Born Cynthia Coleman, 29 January 1934, Newark, New Jersey
Cynthia Coleman's father, Wallace, was a member of a famous spiritual group, the Coleman Brothers. Cynthia formed her own spiritual group in 1949, the Colemanaires (Cynthia Coleman, Joe Walker, Sam Walker and Wesley Johnson). This family group travelled throughout the USA and made appearances in a number of major cities, with Cynthia doing most of the group's lead singing. They released five gospel singles in 1953-54, four for the Timely label and one for Apollo. In 1954, Cynthia made her first (secular) solo recordings, credited to Ann Cole, for Timely Records. Sales and distribution were poor, but one person who was impressed by Ann's voice was Sol Rabinowitz of Baton Records in New York City. He spent an entire year trying to find the obscure singer and finally succeeded. In Sol's own words:
"I met Ann Cole for the first time in a bar in Paterson, New Jersey, and we hit it off. She was accompanying herself on the piano and singing her heart out six hours a night for the princely sum of $ 50 per week. Her voice was so hoarse she had trouble speaking. We met again at my office and after determining she was free of her previous record company, signed a long term contract. At her request I promised to do what I could as her manager, but I refused to take commissions."
Ann's first release on Baton was "Are You Satisfied" (a cover of a country number by Sheb Wooley), featuring the immediately recognizable guitar work of Mickey Baker, who plays on most of her Baton recordings. It went to # 10 on Billboard's R&B charts in January 1956. The fourth Baton single, "In the Chapel" (1957), also charted (# 14). However, these two hits are not the recordings for which she will be remembered. Though the song is usually associated with Muddy Waters, it was Ann Cole who recorded the original version of "Got My Mojo Working" (Baton 237) on January 27, 1957. On a month-long tour through the South together, Ann sang with Muddy's band. "Mojo" had not yet been released, but in spite of Sol Rabonowitz's warning not to sing unreleased material, Ann taught Muddy's band the song and performed it regularly during the tour. Muddy liked the song so much that he asked Leonard Chess to let him record it himself. Chess, who didn't know anything about the Ann Cole recording, gave the Waters record a rush release and both versions came out in the same week. The difference in the lyrics between the two versions resulted from Muddy's inability to remember the original words (written by Preston Foster). Waters claimed to have written the song. Eventually the matter went to court, where it was ruled that Foster was the composer. But the two versions are still separately copyrighted. See also the Wikipedia entry: http://en.wikipedia.org/wiki/Got_My_Mojo_Working Ann was voted "Most Promising New Female R&B Vocalist" by Cash Box in 1956. The next year she appeared on a Fats Domino record. For decades, Domino fans have wondered who the female voice on "When I See You" was, but now there seems to be general consensus that it is Ann Cole. After leaving Baton in 1958, Ann recorded for Sir Records (1959), MGM (1960) and Roulette (1962). Her sole Roulette single was a double sided hit. "Have Fun" peaked at # 21 on the R&B charts, while "Don't Stop the Wedding" (an answer to Etta James's "Stop the Wedding") was a pop hit for one week (# 99). Not long thereafter, Cole had a serious car accident, which confined her to a wheelchair. That was the premature ending of the musical career of a great R&B vocalist, who was ahead of her time. Especially her Baton recordings still sound very good to me. Eight of these have been collected on the CD "The Baton Label : Sol's Story" (Ace 505), including of course "Got My Mojo Working".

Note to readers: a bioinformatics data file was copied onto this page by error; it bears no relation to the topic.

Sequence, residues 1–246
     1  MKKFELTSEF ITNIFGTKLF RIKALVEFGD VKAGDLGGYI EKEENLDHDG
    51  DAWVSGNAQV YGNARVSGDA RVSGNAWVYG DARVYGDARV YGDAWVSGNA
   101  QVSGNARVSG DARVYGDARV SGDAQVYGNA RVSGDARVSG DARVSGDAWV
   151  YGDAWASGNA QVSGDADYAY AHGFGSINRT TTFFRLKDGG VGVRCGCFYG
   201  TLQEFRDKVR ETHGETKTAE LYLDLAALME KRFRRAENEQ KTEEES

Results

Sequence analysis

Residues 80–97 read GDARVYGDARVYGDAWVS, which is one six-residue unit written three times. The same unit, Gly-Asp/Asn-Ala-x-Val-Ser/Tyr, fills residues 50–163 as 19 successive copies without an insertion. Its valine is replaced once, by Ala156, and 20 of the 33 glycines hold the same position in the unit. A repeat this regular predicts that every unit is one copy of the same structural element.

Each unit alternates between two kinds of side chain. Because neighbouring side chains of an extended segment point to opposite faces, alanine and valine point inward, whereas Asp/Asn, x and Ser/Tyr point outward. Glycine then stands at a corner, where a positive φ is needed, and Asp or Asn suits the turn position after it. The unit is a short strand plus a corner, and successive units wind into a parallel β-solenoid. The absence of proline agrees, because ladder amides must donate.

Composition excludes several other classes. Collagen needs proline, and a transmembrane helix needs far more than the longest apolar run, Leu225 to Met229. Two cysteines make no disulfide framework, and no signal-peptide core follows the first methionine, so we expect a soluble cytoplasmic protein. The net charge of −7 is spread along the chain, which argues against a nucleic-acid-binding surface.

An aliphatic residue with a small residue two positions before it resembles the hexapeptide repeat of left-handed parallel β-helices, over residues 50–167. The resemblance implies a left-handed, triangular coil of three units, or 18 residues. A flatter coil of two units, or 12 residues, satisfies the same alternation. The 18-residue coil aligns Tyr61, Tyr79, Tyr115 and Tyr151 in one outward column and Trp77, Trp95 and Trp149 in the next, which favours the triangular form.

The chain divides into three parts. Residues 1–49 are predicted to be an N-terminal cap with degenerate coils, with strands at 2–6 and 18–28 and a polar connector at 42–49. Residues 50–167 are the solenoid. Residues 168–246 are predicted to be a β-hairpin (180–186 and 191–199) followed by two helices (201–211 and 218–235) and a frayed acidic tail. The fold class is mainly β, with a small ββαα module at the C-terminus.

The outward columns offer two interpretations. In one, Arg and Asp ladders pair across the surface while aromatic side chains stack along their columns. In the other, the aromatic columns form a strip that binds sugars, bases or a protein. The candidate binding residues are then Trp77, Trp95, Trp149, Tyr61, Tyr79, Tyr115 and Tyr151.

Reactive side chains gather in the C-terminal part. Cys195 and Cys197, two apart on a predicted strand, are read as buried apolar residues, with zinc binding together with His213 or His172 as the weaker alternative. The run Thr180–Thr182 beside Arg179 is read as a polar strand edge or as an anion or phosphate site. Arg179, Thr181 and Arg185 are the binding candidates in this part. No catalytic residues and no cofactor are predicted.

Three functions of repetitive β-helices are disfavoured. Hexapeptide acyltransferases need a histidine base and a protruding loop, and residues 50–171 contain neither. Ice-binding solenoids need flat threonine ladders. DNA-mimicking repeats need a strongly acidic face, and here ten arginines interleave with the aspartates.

According to the Social Security Death Index, she died in November 1986. Her birth date is given there as January 29, 1934, which is probably the correct date (all other sources say January 24, but they all copy each other as likely as not).
CD : Ann Cole, In the Chapel. 30 Of Her Greatest Hits (Blue City BCCD-812).
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